“That was one of the most devastating things they could do to me,” he said. “It was like waking up one day and finding out I was paralyzed.”

In order to turn the group into “men,” at 6:30 each morning they had to go to the gym because gay people don’t go to a gym.

But they had Larry play basketball.

“We’re in a gym full of hot bodies and muscles,” said Larry. “One day, they had me play basketball. Just because I’m 6’-2” doesn’t mean I can dunk a damn ball.”

But he did it because he wanted the program to work.

LET THEM EAT CAKE | KC, left, and Larry became the Janssons when they married in Connecticut. They later held a ceremony at Cathedral of Hope, followed by a lavish party at the W hotel, complete with a 5-tiered wedding cake. (Photo courtesy Jessica Adkins/Aravaggio Photography)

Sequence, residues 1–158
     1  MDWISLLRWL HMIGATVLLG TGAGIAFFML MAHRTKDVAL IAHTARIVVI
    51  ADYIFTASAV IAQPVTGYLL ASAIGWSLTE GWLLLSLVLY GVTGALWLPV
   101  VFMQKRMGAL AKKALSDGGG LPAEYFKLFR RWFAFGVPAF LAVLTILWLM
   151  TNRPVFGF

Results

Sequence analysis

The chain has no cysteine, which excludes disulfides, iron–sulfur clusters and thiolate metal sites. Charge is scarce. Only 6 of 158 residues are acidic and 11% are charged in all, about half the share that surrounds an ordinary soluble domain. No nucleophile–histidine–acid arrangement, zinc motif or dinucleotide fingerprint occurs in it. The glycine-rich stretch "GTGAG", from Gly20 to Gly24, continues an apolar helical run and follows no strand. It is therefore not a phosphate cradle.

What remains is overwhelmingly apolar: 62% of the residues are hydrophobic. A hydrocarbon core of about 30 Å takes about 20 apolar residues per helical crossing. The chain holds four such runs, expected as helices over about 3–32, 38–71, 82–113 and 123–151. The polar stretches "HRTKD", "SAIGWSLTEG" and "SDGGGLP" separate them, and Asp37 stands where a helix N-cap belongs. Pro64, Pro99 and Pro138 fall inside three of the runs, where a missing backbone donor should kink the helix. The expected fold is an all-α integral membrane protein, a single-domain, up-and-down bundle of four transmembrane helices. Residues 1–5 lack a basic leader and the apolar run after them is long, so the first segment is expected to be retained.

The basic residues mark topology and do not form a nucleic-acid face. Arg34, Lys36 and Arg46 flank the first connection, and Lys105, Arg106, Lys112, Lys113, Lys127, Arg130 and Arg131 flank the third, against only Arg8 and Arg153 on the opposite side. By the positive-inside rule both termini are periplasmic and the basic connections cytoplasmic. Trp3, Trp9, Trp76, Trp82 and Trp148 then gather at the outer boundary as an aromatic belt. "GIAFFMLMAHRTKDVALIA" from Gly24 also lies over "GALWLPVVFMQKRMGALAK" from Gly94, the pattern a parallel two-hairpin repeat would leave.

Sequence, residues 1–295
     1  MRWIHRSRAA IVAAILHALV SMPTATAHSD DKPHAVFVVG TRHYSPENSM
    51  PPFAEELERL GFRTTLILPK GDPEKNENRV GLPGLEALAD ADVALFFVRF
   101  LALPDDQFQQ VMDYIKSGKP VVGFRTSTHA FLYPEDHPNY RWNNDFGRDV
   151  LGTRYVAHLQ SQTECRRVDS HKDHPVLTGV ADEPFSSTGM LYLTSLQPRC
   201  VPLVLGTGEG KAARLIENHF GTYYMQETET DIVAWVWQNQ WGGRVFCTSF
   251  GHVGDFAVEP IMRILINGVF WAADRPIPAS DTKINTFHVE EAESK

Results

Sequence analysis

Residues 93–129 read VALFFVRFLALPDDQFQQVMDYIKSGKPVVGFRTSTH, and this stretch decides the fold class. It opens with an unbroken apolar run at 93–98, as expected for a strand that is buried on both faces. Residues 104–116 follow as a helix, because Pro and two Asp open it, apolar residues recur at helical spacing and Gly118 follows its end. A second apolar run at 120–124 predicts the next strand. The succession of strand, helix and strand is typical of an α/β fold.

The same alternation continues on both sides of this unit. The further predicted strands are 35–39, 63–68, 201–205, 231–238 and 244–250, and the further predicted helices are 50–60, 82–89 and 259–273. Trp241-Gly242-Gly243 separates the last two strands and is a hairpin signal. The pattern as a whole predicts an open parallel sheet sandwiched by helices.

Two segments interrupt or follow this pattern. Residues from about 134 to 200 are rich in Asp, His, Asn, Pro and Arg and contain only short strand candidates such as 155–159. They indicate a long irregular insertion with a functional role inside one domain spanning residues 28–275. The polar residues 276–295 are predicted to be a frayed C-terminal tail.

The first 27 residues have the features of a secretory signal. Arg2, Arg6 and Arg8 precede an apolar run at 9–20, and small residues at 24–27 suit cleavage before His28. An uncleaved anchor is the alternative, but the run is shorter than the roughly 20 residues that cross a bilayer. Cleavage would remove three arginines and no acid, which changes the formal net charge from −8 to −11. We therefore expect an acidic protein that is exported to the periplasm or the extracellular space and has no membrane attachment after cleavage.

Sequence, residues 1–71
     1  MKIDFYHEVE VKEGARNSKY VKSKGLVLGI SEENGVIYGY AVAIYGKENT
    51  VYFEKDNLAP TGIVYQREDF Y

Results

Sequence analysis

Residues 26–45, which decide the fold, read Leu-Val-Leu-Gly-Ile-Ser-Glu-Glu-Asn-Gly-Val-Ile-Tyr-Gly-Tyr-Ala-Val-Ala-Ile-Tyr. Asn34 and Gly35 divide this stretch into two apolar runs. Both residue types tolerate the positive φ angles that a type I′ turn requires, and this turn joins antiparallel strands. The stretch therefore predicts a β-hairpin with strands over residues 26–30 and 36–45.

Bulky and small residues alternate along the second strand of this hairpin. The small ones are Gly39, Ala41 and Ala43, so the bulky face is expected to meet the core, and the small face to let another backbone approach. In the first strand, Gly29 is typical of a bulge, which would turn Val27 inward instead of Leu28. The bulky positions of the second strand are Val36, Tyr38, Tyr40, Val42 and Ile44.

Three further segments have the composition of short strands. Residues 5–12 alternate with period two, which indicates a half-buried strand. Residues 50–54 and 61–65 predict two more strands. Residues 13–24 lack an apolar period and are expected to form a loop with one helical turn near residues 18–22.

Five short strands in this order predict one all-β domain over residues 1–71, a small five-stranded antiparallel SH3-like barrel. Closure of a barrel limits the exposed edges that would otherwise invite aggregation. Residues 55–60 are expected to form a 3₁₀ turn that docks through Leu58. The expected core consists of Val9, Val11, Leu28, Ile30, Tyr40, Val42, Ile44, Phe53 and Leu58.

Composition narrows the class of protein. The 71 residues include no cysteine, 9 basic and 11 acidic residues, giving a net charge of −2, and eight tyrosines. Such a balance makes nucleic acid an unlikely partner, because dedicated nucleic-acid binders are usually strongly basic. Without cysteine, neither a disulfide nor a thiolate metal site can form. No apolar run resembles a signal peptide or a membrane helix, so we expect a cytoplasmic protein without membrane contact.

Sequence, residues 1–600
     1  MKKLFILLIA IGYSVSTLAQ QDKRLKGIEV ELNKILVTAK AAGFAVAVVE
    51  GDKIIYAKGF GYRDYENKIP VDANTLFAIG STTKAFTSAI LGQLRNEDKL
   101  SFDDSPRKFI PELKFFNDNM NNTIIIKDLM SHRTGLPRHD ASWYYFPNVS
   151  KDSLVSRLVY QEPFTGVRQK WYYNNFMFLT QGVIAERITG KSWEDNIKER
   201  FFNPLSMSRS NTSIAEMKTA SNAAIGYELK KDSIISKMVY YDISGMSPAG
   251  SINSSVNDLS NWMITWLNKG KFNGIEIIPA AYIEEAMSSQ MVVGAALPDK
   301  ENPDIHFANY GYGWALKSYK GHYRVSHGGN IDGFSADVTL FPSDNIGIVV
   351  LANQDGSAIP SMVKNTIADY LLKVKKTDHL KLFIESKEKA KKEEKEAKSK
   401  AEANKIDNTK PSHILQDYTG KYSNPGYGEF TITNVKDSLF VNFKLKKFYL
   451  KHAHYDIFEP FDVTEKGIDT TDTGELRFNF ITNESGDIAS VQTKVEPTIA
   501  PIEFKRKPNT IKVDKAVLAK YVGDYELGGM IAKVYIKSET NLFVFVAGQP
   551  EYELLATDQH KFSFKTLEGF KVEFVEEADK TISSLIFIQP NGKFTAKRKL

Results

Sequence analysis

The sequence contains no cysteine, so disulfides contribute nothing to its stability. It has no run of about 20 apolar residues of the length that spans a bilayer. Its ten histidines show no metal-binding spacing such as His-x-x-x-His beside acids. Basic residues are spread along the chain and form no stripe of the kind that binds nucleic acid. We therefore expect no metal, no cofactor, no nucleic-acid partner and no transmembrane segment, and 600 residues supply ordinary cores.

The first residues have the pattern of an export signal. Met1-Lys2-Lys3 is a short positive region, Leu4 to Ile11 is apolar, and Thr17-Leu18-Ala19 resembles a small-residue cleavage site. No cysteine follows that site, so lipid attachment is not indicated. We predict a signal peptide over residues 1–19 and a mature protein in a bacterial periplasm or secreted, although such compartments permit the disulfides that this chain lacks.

Building a friendship

During the first three months of the program, KC and Larry developed what they both called a genuine friendship.

Whenever they went anywhere, they had to go in groups of three and always had to be within eye contact of each other. Larry said that if one person needed to go to the bathroom, they all had to go.

After three months, Larry and KC graduated to the second part of the program. Their parents attended an actual graduation ceremony, but they simply continued to the next phase of the program.

KC said he had no choice but to stay because his alternative was to return home to rural Missouri. Larry was still determined to see the program through.